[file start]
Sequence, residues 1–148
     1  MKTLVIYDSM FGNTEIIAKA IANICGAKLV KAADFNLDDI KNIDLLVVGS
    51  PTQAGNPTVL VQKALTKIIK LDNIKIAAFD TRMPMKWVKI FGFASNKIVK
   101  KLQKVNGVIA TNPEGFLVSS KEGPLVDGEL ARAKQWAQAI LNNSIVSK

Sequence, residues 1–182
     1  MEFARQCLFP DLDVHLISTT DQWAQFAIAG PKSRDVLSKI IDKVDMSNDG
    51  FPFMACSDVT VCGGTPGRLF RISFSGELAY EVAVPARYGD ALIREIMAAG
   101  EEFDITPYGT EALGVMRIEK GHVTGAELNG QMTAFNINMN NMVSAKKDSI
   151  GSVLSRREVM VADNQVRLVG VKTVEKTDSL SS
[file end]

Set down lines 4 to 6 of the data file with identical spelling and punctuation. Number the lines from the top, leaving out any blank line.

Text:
   101  KLQKVNGVIA TNPEGFLVSS KEGPLVDGEL ARAKQWAQAI LNNSIVSK

Sequence, residues 1–182
     1  MEFARQCLFP DLDVHLISTT DQWAQFAIAG PKSRDVLSKI IDKVDMSNDG